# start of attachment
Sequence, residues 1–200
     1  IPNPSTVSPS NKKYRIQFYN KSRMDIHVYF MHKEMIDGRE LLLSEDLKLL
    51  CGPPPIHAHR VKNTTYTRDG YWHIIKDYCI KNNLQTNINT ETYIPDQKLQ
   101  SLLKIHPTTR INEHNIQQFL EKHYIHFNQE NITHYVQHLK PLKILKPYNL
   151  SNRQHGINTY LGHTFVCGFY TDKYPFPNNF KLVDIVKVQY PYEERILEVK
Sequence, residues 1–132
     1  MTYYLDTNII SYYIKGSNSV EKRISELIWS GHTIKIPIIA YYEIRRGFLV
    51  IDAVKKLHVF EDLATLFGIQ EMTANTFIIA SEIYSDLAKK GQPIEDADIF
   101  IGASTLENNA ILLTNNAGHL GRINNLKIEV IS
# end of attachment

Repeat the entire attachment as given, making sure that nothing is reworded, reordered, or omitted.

Sequence, residues 1–200
     1  IPNPSTVSPS NKKYRIQFYN KSRMDIHVYF MHKEMIDGRE LLLSEDLKLL
    51  CGPPPIHAHR VKNTTYTRDG YWHIIKDYCI KNNLQTNINT ETYIPDQKLQ
   101  SLLKIHPTTR INEHNIQQFL EKHYIHFNQE NITHYVQHLK PLKILKPYNL
   151  SNRQHGINTY LGHTFVCGFY TDKYPFPNNF KLVDIVKVQY PYEERILEVK
Sequence, residues 1–132
     1  MTYYLDTNII SYYIKGSNSV EKRISELIWS GHTIKIPIIA YYEIRRGFLV
    51  IDAVKKLHVF EDLATLFGIQ EMTANTFIIA SEIYSDLAKK GQPIEDADIF
   101  IGASTLENNA ILLTNNAGHL GRINNLKIEV IS